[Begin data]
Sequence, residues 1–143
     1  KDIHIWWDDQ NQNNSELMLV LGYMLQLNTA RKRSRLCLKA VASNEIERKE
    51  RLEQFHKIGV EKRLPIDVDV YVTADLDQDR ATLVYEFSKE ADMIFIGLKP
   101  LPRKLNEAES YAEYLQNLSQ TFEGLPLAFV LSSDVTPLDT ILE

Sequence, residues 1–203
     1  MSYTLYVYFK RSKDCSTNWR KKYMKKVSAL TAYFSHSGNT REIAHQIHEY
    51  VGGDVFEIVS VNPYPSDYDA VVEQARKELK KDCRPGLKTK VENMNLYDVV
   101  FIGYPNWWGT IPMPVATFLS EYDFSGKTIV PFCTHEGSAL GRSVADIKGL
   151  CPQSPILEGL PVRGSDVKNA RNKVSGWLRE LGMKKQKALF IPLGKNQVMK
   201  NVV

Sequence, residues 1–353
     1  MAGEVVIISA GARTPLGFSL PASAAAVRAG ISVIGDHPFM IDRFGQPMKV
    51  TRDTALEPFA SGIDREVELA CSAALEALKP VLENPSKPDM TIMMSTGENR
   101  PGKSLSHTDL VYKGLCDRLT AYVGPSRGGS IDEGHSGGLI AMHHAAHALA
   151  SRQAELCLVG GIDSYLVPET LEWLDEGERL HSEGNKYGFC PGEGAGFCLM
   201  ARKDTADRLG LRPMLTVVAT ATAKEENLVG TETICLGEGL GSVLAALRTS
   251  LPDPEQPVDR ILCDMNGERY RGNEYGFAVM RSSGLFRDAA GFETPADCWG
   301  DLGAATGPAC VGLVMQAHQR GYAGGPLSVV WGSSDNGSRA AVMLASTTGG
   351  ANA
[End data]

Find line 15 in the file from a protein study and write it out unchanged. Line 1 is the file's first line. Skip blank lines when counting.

   151  SRQAELCLVG GIDSYLVPET LEWLDEGERL HSEGNKYGFC PGEGAGFCLM